one’s position in relation to an issue, object or circumstance.
Your attitude is a matter of perspective. My question at the beginning of this month was this: If I could train myself to consistently position myself on the brighter side of every situation, would I want to? And if I did, would I be ignoring potentially serious problems?
I want to be absolutely positive that I can be absolutely positive, without losing perspective.
“Watch your thoughts for they become your words. Watch your words for they become your actions. Watch your actions for they become your habits. Watch your habits for they become your character. And watch your character for it becomes your destiny.”
Once I gave into the novel idea that you can actually control your thoughts (an experiment for another time!), my life changed. Still, I always had a nagging sense of guilt every time I dismissed a negative, brushing it under the rug with my positive attitude. But, I couldn’t argue with the fact that reading and watching and listening to negative media left me feeling exhausted.
I always feel better when I argue “the bright side”. But I was worried that I would become so bright and cheery that I could no longer stomach harsh realities. I didn’t want to ignore controversy just for the sake of staying positive. Ignorance is not bliss. Ignorance is ignorance.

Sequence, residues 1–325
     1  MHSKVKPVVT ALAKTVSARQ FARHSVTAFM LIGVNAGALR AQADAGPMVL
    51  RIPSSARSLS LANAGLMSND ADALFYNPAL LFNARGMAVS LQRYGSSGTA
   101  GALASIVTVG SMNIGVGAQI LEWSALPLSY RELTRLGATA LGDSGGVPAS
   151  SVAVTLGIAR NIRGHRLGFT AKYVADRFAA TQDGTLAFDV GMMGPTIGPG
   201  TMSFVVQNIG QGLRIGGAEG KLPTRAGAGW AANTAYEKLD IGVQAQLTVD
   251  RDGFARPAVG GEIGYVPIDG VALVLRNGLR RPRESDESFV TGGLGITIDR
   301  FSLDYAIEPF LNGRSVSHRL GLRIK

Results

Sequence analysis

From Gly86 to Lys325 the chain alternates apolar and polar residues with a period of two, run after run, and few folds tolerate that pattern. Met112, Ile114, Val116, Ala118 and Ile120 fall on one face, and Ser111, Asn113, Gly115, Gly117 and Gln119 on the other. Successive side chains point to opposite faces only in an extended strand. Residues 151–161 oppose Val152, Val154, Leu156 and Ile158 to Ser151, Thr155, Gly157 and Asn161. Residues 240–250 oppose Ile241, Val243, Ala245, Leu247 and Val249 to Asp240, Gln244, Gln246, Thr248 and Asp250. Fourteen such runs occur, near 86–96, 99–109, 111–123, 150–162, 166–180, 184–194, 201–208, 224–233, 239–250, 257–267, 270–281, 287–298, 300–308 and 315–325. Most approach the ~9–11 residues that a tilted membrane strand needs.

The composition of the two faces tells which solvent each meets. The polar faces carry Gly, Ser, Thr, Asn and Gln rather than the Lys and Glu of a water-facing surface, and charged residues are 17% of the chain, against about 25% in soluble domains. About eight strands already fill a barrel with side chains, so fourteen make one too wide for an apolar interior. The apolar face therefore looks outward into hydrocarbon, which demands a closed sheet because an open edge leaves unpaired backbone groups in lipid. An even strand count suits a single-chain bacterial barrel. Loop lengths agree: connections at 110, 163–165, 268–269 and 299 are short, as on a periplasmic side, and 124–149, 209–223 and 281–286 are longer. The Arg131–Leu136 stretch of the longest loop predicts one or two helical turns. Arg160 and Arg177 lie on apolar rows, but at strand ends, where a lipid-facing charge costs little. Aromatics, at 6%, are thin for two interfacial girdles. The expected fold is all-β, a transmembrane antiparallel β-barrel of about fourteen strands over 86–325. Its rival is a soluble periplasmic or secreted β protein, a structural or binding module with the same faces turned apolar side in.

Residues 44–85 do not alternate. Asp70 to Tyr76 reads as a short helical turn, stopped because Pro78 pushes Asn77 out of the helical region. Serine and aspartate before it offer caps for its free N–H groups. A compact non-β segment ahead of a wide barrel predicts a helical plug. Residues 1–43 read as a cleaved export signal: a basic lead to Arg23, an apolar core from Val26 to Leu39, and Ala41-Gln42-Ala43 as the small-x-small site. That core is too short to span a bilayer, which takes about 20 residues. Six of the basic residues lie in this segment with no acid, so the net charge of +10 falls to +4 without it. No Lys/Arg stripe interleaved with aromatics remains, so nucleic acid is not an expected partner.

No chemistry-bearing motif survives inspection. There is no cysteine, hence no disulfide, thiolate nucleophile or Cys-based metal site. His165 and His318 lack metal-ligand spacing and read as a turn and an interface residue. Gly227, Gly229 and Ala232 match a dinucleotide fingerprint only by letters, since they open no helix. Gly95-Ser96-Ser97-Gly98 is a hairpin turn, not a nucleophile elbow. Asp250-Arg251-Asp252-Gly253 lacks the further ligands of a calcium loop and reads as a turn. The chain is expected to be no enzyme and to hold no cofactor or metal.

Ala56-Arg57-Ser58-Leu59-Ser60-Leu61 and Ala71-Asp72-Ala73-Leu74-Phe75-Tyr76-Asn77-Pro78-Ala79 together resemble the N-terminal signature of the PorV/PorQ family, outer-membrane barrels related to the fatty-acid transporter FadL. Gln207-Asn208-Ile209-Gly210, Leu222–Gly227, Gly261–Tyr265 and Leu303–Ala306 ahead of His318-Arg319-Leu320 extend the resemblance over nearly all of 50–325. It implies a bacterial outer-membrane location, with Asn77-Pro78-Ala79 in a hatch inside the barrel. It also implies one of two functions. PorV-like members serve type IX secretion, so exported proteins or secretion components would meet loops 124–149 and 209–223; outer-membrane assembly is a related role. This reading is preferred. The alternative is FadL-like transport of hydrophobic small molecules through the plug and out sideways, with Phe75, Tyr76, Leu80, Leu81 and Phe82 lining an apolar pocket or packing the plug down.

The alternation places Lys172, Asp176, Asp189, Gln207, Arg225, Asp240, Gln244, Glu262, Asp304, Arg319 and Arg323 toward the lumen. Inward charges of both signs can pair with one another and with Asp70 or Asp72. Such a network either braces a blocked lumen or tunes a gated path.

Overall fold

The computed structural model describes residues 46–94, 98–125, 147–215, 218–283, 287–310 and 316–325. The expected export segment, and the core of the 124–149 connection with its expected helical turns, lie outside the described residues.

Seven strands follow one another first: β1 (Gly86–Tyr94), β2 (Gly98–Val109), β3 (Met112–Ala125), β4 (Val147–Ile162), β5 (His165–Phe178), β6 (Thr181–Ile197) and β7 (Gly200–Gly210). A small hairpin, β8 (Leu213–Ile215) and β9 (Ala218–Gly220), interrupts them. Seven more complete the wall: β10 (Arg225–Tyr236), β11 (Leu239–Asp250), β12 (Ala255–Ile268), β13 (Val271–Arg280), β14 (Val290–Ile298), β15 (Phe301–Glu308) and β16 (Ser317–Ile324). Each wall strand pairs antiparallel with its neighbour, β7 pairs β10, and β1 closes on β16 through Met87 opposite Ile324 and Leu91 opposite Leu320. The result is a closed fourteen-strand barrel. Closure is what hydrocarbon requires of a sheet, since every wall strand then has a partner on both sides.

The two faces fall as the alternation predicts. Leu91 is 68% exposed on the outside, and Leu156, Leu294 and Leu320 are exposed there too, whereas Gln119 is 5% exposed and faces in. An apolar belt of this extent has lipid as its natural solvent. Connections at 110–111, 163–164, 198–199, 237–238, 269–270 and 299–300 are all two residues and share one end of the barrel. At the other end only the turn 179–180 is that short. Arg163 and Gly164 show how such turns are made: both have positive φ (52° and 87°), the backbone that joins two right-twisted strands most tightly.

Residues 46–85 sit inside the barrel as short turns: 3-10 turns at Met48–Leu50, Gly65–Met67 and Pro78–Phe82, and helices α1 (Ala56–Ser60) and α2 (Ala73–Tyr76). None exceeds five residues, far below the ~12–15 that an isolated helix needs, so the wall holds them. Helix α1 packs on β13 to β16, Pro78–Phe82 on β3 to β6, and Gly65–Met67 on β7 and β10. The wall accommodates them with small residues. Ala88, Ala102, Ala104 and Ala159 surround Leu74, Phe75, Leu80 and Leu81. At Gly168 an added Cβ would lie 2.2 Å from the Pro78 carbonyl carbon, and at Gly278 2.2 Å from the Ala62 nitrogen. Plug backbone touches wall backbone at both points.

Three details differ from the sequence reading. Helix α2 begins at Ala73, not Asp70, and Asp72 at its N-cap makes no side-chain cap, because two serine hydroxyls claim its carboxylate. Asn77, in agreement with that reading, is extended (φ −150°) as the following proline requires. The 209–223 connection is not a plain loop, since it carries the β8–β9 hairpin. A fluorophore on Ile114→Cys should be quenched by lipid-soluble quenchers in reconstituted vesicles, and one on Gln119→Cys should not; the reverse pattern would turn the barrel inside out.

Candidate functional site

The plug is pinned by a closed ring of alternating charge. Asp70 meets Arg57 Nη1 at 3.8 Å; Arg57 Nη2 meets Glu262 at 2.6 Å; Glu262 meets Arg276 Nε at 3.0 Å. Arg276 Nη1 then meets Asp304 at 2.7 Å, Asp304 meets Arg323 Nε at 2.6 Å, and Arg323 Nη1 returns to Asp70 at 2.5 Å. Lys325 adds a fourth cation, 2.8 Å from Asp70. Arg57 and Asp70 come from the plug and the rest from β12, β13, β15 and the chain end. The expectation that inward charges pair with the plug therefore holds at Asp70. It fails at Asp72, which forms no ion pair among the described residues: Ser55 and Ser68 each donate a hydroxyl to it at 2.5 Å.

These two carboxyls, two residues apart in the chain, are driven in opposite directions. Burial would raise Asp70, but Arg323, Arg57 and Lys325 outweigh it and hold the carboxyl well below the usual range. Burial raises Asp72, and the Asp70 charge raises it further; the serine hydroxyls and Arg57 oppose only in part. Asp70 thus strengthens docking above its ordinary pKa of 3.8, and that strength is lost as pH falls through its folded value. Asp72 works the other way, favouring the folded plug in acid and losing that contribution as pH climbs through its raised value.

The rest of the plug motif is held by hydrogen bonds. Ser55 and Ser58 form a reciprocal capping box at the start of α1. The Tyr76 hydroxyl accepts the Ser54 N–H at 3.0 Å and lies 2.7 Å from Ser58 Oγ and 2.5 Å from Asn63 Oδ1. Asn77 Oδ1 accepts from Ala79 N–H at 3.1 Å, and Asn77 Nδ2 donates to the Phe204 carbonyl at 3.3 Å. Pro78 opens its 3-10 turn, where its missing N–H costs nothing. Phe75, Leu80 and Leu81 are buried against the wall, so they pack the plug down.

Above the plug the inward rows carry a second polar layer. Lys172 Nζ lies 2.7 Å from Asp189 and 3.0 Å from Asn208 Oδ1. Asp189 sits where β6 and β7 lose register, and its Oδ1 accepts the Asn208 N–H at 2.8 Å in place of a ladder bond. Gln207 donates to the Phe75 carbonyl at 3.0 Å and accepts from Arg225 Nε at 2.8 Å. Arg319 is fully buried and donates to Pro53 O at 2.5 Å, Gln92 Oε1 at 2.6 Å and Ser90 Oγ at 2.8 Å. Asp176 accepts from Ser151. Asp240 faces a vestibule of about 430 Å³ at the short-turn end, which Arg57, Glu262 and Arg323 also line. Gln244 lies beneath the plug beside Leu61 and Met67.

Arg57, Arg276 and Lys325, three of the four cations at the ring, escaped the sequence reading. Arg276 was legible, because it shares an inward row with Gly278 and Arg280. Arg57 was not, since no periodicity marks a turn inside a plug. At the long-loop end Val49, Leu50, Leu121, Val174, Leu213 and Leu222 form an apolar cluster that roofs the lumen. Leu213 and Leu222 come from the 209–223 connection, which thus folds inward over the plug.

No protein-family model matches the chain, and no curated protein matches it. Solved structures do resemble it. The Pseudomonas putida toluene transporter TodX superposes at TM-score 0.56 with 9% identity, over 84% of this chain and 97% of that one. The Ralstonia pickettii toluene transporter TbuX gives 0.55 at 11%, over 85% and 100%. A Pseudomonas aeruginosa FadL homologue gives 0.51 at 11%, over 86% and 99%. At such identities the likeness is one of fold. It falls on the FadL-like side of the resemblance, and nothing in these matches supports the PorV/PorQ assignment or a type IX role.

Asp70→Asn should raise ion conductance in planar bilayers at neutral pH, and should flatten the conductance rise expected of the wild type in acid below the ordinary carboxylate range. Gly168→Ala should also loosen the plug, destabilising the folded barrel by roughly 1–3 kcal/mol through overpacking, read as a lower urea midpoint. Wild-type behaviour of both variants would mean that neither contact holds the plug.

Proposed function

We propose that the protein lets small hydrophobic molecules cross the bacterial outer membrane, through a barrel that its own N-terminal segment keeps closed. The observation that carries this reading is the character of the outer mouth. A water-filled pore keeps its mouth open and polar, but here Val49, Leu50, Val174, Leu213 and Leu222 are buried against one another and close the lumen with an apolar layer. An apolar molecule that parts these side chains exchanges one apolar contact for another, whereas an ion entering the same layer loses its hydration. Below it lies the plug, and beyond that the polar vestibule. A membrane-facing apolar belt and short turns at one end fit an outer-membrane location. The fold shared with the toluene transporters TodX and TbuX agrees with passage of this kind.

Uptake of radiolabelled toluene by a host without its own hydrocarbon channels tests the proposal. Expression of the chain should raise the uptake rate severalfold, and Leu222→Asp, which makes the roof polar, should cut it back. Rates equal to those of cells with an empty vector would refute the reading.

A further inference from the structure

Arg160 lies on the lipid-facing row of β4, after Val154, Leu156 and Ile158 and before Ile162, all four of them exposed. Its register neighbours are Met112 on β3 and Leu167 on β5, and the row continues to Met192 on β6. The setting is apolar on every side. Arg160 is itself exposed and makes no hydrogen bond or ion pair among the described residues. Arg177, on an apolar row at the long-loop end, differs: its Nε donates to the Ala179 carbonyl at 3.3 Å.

If you get out of your life what you put into your brain, then in order to be happy and successful… YOU NEED TO FILTER WHAT YOU SEE & HEAR.
So, when it comes to negative news, what makes the cut? Personal development gurus almost unanimously say to keep it to a minimum. But, global affairs is a passion of mine and I want to stay current.
What’s a happiness scientist to do? This December, I aim to find the balance between The Bright Side and Under The Rug.
Introducing… The Bright Side Filter Experiment:
1. Keep a notebook, or open NOTES in your phone and label it “The Bright Side Filter”.
2. Write down every negative or mindless source of information you consume for a week. (Local news, Gossip magazines, Political news, Buzzfeed-esque articles, youtube videos, TV shows, etc.)
3. Go through the list and ask the following: Is this information helping me be a better, healthier, wealthier, more intelligent person?
4. If the answer is yes, keep it in the rotation. If the answer is no… consider it filtered.
Your young brain is endlessly thirsty but you can’t just go feeding it swamp water. Purify your information because what you feed your brain is what your brain uses to produce the ideas that fuel your life. Use the Bright Side Filter to help you define your media diet.
What “junk food” did you clear out of the cabinets for your brain? Comment below!